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Publication numberUS5895928 A
Publication typeGrant
Application numberUS 08/877,093
Publication dateApr 20, 1999
Filing dateJun 17, 1997
Priority dateMay 5, 1995
Fee statusPaid
Also published asDE69629235D1, EP0741482A2, EP0741482A3, EP0741482B1
Publication number08877093, 877093, US 5895928 A, US 5895928A, US-A-5895928, US5895928 A, US5895928A
InventorsRonald K. Kerschner
Original AssigneeHewlett-Packard Company
Export CitationBiBTeX, EndNote, RefMan
External Links: USPTO, USPTO Assignment, Espacenet
Automatic document presence, width and skew detection method and apparatus for a document scanner
US 5895928 A
Abstract
A document scanner method and apparatus is provided which allows for the detection of the presence and size of a document to be scanned. The scanner would also determine whether the document being scanned is crooked. The document scanner includes an automatic document feeder, which feeds the document into the scanner. As the document is being fed into the scanner by the automatic document feeder, an array of CCDs detects the size of the document using a code strip. The CCD signal of the detected document size is then converted to an electronic signal which is sent to application software. The application software then instructs the scanner as to the area to be scanned.
Images(8)
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Claims(19)
What is claimed is:
1. A document scanner having a document width detection system along a document scan line that has a predetermined width, said document width detection system comprising:
a color strip, said color strip extending substantially across the width of said document scan line and located along said document scan line;
a calibration strip which calibrates said document width detection system, said calibration strip extending substantially across the width of said document scan line and located substantially adjacent said color strip;
a light source extending substantially across the width of said document scan path, said light source directs a strip of light consisting of individual light pixels toward said color strip and said calibration strip;
a photodetector extending substantially across the width of said document scan path, said photodetector detects said strip of light after said strip of light has been reflected by said color strip or said calibration strip; and
a controller, wherein a photoelectric signal created by said photodetector is received by said controller and the width of a document can be determined from said photoelectric signal if a document is placed between said color strip and said light source, if the width of a document is detected said controller turns off any light source pixels that are outside of the width of said document and initiates scanning.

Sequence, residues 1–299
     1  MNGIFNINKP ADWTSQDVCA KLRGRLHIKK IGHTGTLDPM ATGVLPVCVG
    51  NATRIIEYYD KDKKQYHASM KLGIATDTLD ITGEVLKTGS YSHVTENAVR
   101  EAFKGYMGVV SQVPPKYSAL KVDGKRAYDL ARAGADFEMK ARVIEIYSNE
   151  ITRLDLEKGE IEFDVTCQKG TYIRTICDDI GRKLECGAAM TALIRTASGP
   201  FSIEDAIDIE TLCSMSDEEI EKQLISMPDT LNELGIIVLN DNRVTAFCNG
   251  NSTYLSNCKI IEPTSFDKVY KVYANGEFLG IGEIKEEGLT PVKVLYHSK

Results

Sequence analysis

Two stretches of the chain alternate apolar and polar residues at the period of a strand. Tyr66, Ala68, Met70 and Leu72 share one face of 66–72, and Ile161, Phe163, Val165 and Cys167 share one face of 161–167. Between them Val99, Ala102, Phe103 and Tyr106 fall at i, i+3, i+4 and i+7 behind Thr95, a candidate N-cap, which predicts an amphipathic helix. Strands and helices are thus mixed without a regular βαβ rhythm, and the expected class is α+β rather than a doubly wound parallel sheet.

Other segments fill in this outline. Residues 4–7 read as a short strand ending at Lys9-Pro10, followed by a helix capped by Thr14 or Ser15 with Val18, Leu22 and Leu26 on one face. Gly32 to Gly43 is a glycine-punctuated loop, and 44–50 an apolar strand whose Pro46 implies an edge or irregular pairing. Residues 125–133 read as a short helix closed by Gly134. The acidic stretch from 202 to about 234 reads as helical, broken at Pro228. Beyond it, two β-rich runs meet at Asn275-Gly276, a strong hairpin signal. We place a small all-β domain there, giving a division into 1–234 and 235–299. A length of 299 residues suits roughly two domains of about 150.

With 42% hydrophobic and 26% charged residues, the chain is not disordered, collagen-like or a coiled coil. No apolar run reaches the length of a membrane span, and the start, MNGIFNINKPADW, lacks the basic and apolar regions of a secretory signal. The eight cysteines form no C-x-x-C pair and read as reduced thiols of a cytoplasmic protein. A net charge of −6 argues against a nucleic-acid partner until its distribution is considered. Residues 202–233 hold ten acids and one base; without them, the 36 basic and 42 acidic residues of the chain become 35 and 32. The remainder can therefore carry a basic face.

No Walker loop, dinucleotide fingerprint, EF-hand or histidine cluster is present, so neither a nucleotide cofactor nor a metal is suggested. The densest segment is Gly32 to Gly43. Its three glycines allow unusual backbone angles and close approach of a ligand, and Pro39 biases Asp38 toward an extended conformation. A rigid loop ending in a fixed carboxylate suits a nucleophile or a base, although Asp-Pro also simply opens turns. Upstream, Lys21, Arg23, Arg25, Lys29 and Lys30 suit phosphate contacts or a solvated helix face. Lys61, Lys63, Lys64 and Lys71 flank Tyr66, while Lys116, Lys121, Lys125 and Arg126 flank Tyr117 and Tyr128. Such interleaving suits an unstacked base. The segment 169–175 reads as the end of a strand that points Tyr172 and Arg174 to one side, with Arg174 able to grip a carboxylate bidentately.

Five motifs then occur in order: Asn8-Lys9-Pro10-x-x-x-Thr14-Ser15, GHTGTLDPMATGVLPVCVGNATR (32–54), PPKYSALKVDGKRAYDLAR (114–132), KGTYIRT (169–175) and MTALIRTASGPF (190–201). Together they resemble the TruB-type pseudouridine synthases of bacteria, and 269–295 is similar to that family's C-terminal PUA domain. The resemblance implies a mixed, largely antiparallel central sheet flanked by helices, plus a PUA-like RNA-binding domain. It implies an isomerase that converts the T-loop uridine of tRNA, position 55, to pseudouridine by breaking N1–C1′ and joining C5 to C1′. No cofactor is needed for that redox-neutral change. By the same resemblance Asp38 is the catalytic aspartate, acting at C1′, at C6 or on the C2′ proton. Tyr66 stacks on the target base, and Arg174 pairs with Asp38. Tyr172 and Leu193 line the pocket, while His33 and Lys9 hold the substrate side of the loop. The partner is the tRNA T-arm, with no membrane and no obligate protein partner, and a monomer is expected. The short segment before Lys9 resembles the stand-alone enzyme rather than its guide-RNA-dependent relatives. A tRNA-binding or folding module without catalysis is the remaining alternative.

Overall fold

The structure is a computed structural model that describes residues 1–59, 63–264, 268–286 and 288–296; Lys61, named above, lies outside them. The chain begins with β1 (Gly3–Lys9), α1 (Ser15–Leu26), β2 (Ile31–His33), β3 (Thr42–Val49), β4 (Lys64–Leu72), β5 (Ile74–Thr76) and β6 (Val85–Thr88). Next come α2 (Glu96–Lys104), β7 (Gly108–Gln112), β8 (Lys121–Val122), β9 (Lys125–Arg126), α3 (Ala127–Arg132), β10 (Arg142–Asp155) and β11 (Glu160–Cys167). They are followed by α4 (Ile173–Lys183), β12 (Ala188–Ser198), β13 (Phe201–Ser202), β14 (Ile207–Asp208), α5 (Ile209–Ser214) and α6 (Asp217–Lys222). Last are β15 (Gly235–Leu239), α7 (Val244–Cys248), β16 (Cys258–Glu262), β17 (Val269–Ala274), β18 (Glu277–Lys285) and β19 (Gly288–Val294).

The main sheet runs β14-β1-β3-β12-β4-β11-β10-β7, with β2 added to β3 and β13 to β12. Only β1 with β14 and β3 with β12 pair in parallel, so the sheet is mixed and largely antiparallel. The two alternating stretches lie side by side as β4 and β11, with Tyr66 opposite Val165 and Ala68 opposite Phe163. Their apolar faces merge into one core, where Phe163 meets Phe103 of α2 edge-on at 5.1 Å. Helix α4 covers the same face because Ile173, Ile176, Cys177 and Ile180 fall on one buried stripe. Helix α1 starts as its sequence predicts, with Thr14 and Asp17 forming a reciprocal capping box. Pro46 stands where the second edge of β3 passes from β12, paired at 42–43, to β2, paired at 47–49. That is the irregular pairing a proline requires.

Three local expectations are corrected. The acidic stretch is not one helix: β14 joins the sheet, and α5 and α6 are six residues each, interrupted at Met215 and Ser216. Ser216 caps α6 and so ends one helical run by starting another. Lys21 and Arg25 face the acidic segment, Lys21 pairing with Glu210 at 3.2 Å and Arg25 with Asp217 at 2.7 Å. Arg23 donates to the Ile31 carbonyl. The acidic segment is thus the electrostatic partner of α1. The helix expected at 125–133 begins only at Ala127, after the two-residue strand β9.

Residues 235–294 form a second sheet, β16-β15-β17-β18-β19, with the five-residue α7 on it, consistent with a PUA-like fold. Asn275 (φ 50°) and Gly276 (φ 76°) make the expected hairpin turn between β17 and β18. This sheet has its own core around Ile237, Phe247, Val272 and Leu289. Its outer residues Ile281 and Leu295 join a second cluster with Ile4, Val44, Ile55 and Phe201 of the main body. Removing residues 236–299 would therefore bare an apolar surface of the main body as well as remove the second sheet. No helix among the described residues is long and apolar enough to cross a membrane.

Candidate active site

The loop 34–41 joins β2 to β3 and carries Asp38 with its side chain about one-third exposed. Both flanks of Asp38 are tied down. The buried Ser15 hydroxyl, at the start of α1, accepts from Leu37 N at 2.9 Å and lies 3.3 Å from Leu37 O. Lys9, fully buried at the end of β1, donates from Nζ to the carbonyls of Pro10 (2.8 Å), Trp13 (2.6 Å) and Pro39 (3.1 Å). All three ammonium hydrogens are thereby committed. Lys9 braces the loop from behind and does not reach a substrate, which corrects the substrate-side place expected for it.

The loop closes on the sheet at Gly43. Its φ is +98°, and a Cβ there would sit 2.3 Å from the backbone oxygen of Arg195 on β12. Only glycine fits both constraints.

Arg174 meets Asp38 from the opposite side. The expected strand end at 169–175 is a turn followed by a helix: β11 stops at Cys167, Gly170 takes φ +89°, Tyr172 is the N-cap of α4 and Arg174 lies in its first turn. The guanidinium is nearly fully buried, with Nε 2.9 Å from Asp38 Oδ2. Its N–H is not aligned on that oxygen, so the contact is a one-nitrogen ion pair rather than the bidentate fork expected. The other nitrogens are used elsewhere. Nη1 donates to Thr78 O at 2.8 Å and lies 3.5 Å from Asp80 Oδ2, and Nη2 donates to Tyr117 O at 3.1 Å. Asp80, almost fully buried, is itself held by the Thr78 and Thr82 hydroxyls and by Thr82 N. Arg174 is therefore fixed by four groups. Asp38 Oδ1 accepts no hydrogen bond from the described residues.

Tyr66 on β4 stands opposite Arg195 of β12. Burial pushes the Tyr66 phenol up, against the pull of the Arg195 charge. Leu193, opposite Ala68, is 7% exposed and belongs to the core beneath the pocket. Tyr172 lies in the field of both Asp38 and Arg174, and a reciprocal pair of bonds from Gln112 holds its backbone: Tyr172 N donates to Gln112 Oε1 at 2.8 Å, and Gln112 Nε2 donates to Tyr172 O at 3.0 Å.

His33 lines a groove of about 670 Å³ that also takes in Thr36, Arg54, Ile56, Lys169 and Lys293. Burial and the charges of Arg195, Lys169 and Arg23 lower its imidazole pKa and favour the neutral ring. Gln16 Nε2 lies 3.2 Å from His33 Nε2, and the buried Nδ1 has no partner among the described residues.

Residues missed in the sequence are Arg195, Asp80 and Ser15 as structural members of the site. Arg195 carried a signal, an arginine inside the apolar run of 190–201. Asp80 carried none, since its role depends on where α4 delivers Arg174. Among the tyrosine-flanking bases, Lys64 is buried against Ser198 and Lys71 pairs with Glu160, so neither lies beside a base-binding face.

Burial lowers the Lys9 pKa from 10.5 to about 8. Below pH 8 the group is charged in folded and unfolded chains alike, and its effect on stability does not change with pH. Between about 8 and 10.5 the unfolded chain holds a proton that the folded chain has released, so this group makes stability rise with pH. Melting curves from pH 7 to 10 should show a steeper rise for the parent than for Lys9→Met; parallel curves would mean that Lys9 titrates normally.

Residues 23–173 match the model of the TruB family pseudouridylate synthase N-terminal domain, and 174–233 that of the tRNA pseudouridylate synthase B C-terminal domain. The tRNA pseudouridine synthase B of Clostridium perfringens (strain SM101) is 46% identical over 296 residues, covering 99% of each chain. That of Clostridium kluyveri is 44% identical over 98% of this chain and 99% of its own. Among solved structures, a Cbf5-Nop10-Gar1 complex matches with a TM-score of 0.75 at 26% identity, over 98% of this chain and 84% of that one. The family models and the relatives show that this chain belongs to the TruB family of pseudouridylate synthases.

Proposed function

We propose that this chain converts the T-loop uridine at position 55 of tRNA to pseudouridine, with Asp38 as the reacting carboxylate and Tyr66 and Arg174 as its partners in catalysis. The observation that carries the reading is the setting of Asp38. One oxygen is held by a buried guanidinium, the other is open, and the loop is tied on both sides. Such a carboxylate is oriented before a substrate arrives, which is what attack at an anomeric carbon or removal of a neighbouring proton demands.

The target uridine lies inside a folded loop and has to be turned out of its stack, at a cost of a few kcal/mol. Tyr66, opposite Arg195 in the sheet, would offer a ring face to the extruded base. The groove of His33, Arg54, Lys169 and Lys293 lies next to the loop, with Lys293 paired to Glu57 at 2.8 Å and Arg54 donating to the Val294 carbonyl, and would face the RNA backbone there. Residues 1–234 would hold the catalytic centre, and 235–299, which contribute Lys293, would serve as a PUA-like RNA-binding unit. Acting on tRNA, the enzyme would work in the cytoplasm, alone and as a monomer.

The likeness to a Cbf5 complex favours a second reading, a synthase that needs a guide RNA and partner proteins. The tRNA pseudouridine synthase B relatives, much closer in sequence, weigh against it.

2. The document width detection system according to claim 1, wherein said calibration strip is substantially white.
3. The document width detection system according to claim 2, wherein said color strip comprises any color other than white.
4. The document width detection system according to claim 2, wherein said color strip has a predetermined reflectivity and said calibration strip has a predetermined reflectivity, wherein said color strip is any color other than white having a reflectivity of approximately 95% of the reflectivity of said calibration strip.
5. The document width detection system according to claim 2, wherein said color strip has a predetermined reflectivity and said calibration strip has a predetermined reflectivity, wherein said color strip is a shade of grey having a reflectivity of approximately 95% of the reflectivity of said calibration strip.
6. The document detection system according to claim 2, wherein said color strip has a predetermined reflectivity and said calibration strip has a predetermined reflectivity, wherein said color strip is a coded strip of a shade of grey having a reflectivity of approximately 95% of the reflectivity of said calibration strip.
7. The document width detection system according to claim 2, wherein said color strip has a predetermined reflectivity and said calibration strip has a predetermined reflectivity, wherein said color strip comprises yellow having a reflectivity of approximately 95% of the reflectivity of said calibration strip.
8. The document width detection system according to claim 2, wherein said color strip has a predetermined reflectivity and said calibration strip has a predetermined reflectivity, wherein said color strip comprises a yellow coded strip having a reflectivity of approximately 95% of the reflectivity of said calibration strip.
9. The document width detection system according to claim 2, wherein said color strip comprises black.
10. A document scanner having a document detection system along a document scan line that has a predetermined width, said document detection system comprising:
a calibration strip for calibrating said document detection system, said calibration strip extending substantially along the width of said document scan line, said calibration strip having a predetermined reflectivity;